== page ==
I used heavy gauge wire and wire snips I bought at the craft store to lash the pieces together.

 

 

Look at that amazing knot!

Look at that amazing knot! Woo-hoo! Navies across the globe are jealous of my mad knot making skills! I lashed the two rods together to keep them from wobbling.

Lashes to the wire inside my fence

 

 

I also lashed them to the wire fence for greater stability.

 

Pathetic but effective

 

 

 

Pathetic but effective

 

Suburban Gothic the newest trend

Suburban Gothic: the newest trend

my skinny arbor just fits

The skinny threaded rods work great at making sure I keep the arbor on my property.

my new $25 arbor!

My new $25 arbor!

I’m going to cover my arbor with cypress vine and purple pole beans this summer. The threaded rods give the vines a textured surface to grab onto to, making it easier for them to cover the structure. Because these are annuals, I can just take them down in the fall and troubleshoot the arbor, if needed.

Cypress vine

Cypress vine

Purple pole bean vine

Purple pole bean vine

 

 

 

 

 

 

 

 

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Tammy Schmitt

About Tammy Schmitt

I am a passionate middle school teacher and gardener. I've gardened in South Dakota, South Carolina, and in upstate New York near the Canadian border. My current garden, in an overdeveloped suburb near Washington DC, has been my most challenging. My desire to create a true refuge for our native birds and butterflies has helped me battle unpredictable weather and compacted clay soil. My garden isn't perfect, but it's always a beautiful escape. Read my full blog at Casa Mariposa.

5 thoughts on “The almost arbor

  1. helen mckerral on said:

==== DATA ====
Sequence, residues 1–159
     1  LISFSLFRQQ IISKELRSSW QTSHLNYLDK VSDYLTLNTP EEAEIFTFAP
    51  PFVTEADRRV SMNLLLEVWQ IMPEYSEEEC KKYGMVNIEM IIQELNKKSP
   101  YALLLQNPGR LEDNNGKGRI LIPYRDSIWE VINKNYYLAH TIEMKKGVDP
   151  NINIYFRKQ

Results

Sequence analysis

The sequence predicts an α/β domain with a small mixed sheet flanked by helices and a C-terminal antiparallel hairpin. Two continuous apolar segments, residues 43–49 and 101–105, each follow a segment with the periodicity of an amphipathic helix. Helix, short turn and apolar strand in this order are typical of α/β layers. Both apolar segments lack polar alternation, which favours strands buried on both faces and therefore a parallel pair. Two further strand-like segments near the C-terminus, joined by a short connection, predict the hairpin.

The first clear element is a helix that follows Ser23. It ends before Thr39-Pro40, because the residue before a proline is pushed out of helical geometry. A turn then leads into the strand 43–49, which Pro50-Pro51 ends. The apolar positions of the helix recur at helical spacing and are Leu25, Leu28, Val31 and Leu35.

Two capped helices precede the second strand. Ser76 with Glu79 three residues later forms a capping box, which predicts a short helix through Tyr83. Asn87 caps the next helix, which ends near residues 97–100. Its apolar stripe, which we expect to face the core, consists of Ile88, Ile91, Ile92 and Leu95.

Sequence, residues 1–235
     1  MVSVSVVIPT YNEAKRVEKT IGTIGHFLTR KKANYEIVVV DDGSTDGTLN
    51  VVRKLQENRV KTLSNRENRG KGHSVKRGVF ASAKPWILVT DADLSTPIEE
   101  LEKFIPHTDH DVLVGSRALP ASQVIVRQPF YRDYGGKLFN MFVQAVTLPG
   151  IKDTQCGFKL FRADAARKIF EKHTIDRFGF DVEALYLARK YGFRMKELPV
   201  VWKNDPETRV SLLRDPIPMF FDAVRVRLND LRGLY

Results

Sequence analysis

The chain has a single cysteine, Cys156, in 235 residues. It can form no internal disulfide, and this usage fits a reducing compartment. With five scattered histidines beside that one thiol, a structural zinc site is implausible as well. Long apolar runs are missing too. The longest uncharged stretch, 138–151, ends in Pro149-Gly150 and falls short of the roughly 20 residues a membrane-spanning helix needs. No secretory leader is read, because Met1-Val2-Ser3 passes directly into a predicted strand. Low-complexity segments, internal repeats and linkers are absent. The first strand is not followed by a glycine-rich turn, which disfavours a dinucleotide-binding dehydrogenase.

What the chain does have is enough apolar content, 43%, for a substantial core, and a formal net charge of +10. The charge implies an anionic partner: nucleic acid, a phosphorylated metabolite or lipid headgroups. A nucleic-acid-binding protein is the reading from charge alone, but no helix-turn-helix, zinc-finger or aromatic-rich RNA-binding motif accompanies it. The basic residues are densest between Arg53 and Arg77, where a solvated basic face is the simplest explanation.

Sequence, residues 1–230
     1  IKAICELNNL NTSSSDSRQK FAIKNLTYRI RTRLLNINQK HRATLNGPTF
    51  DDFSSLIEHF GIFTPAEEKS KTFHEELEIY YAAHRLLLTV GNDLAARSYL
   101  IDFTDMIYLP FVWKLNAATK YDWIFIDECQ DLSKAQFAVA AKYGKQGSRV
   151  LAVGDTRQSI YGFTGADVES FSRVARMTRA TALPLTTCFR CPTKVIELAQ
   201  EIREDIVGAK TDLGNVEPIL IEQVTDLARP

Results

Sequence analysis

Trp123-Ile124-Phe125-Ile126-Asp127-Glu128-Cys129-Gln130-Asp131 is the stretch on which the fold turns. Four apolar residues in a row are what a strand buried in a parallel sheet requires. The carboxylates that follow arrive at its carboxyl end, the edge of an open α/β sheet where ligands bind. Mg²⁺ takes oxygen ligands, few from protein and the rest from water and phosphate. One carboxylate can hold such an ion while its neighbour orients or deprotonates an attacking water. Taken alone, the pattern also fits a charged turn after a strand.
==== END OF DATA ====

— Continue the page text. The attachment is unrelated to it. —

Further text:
Oh, I just LOVE it, Tammy! That’s my kinda solution to a problem! It will look great when it’s all covered in greenery!

    I’ve been thinking of making a series of arches. What supports, what plants, hmmm, what construction skills do I have (none). Aha, what about columnar apple trees grown up and then curved at the appropriate height and then overlapped/grafted together? Bingo! Next year’s project!

    • I am so glad you like the arbor! I just planted some sweet peas at the base. Your apples trees sound like a cool way to add an arch to your garden.

  2. Tammy your resourcefulness and determination puts me to shame. Not only that, you actually finish the projects you start! I hope to see progress reports of your climbers. What’s the botanical name for that gorgeous cypress vine? The flower looks like a red morning glory.

    • I’m very sorry it has taken me so long to reply to your question. The Latin or cypress vine is Ipomoea quamoclit. It’s often confused with cardinal climber but is slightly different. I scraped the seeds a bit with a nail file and then soaked them overnight before planting them in little pots. They germinated in just a few days. I’m looking forward to seeing it grow over the arbor. 🙂

  3. Ingenuity and style coupled with grit and determination will always bring results, Tammy. Look forward to seeing your arbor flourish.